A few days ago, my wife, Ms B, and I had just returned to London respectively Frankfurt from lovely Vienna, I decided that I needed a distinctly Viennese culinary booster to get me over the dark days and cheer me up.
Mario Lohninger’s eponymous restaurant on the south bank of the river, which is also known as Museumsufer (museum riverbank, because of the large number of nearby museums), just two minutes’ walk from Sachsenhausen’s “Schweizer Platz”, has been receiving sterling reviews ever since it opened in 2010.
Initially considering a career as a pro downhill skier, he helped out from a very early age in his grandparents’ bakery and his parents’ restaurant in Leogang near Zell am See. It would seem likely that my parents and several uncles and aunts, who went together on skiing holidays to Leogang every single year for more than a decade before I was born, would have enjoyed a strudel or goulash at the restaurant, but it’s been too long in the past for them to remember.
Mario then embarked on a long tour of the culinary world, which involved stints in the U.S. and Paris. While still working for two-starred Danube (now closed) in New York, Sven Väth, one of the most famous techno DJs, met Mario and offered him the role of head chef at the two new adjoined restaurants Silk and Micro, at his then new techno club Cocoon (now all closed) in Frankfurt. In 2005 Gault & Millau awarded him “Chef of the Year”, in 2006 the Michelin Guide awarded him one star for Silk.
From day one, his mother Erika and father Paul have been very closely assisting Mario, his mother running the service at restaurant Lohninger, and his father running the kitchen during the day. Lohninger showcases the Austrian cuisine in a classical, traditional, no-nonsense kind of style in a section called “Heimat” (Home) and international, mainly Asian and French cuisine in a menu section called “Welt” (World). For a chef as gifted, ambitious, and celebrated as him, it is surprising how he keeps the “Heimat” side of the menu completely free of any innovation, sparkle, or sophistication by the look of it, aside from a couple of amuse-bouches that try to purvey some air of fine dining, and – of course – the magnificent two art nouveau dining rooms which provide the setting.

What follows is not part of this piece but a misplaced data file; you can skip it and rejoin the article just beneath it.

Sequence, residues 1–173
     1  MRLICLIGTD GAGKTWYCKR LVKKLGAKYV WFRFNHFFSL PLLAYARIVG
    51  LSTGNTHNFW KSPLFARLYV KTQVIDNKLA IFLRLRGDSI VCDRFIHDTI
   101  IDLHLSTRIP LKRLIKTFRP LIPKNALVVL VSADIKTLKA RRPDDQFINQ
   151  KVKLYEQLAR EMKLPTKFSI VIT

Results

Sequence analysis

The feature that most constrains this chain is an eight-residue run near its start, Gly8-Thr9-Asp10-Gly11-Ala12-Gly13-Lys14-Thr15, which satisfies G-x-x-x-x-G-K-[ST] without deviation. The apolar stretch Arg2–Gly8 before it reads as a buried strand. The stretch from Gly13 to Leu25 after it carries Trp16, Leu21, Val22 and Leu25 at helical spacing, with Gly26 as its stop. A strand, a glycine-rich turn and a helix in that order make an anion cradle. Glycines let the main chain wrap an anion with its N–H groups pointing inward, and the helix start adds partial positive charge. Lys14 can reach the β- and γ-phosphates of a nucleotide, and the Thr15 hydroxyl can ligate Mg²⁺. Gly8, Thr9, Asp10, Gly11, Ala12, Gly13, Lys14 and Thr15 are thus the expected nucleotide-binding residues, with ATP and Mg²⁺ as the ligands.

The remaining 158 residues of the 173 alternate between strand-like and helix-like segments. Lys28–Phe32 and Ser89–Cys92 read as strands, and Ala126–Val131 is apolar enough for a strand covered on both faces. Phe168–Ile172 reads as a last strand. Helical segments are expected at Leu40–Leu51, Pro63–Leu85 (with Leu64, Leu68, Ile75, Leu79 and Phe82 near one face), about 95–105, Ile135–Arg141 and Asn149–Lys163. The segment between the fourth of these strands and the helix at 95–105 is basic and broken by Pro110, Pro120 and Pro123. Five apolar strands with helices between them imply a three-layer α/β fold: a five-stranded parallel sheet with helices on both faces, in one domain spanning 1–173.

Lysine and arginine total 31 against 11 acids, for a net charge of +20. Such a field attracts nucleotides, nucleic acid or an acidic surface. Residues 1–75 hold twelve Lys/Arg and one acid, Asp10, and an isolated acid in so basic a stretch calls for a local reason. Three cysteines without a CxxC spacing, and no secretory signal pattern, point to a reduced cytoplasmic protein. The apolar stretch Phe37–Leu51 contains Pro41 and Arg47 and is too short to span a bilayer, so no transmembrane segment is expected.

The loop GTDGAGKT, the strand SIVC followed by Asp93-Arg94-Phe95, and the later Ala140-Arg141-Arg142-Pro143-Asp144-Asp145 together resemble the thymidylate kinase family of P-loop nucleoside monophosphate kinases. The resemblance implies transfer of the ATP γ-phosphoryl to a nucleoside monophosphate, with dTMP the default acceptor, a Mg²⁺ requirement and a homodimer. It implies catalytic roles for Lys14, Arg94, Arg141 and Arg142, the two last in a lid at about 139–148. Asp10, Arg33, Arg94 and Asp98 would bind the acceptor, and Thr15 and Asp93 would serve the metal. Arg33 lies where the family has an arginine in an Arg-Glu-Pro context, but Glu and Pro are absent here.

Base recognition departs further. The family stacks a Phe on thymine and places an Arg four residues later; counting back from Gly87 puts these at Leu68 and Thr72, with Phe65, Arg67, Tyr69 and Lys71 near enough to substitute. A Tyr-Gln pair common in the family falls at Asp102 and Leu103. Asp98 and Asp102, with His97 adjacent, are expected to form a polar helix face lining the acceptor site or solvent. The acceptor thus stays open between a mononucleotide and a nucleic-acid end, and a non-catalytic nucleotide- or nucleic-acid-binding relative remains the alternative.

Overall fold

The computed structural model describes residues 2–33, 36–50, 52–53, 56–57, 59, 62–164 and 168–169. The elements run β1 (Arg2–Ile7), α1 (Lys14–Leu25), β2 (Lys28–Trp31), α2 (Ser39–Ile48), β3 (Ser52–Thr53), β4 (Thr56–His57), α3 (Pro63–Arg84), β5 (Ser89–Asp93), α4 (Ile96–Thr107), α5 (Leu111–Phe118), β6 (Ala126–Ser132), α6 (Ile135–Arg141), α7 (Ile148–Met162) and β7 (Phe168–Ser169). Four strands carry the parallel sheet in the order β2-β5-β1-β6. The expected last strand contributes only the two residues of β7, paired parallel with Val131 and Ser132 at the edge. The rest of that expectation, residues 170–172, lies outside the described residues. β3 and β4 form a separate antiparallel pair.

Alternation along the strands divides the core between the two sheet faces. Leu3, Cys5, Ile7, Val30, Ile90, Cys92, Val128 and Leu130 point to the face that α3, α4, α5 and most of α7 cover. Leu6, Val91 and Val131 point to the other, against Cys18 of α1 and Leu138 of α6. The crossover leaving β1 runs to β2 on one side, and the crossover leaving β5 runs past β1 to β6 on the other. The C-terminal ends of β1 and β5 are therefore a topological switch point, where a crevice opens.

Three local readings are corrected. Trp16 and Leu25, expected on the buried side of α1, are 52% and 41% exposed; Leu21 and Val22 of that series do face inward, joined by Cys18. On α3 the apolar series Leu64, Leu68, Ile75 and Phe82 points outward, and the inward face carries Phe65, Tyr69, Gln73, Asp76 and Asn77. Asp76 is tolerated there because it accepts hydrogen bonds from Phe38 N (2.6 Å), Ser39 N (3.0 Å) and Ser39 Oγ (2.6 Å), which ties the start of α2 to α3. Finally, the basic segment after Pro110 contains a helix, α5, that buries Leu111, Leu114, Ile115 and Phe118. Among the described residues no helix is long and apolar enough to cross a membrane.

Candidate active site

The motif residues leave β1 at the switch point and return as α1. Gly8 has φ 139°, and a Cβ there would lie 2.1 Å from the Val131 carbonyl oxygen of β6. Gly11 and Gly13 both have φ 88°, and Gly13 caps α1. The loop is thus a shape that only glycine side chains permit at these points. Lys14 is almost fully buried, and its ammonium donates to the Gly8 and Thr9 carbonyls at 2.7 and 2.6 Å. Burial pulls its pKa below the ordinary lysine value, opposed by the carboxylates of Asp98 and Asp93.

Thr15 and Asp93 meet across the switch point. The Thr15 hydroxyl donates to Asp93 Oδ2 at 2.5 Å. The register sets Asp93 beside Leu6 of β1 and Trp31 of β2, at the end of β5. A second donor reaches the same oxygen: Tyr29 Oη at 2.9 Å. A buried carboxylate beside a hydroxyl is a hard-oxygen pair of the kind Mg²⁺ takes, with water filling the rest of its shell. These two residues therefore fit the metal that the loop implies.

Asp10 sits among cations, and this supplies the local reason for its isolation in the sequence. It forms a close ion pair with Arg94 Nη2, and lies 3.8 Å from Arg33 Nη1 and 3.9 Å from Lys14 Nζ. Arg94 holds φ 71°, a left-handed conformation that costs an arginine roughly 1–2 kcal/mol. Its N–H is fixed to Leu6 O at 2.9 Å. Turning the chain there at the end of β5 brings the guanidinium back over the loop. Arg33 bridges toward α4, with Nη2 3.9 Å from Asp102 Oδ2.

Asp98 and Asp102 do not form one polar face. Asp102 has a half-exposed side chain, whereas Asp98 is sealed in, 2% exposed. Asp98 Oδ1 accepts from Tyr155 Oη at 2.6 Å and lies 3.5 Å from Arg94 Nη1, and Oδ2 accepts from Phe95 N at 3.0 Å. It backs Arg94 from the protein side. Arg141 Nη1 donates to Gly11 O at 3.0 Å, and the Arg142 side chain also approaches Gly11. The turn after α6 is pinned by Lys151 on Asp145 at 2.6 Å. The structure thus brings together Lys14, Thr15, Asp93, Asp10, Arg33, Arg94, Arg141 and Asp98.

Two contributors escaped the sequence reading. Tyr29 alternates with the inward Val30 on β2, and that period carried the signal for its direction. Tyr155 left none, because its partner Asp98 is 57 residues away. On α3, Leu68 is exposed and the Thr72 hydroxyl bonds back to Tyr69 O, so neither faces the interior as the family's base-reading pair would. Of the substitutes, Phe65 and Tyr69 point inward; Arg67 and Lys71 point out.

Just having come back from the capital of all schnitzels and after having sampled some 6 schnitzels at Vienna’s most reputable schnitzel manufacturers, regularly cooking schnitzel at home in London for my wife and me, I feel like I can say with some authority that this schnitzel, which came with a price tag of €29 (more than any of those we had had in Vienna), was good, but by no means extraordinary, perhaps a 7.5 out of 10. It was a tad too small, slightly too thick, the batter way too flat, lacking any of the large waves of bread crumbs you can normally observe, and apparently without any distinct seasoning. The potato and lamb’s lettuce salad, that accompanied it, was divine, in terms of looks, texture, crunchiness, taste, dressing.
The ‘pomegranate surprise’ sorbet with chilli popcorn was not bad, but certainly not particularly impressive either. For €14 not good value in our view.
In 2016, Gault & Millau rated Lohninger with 17 out of 20 possible points, on the same level as many Michelin-starred venues. This makes us think that maybe we should come back and try out the other side of the menu: ‘World’. Nearly all of the courses sounded attractive, including the signature yellow fin tuna tartare with shredded fennel and champagne jelly.
Did we whet your appetite for more Frankfurt restaurant reviews? Read our reviews of two-starred Lafleur, La Scuderia, and Black Bulls. Or check out our reviews of Berners Tavern and one-starred Aquavit in London, or Vienna’s Cafe Englander.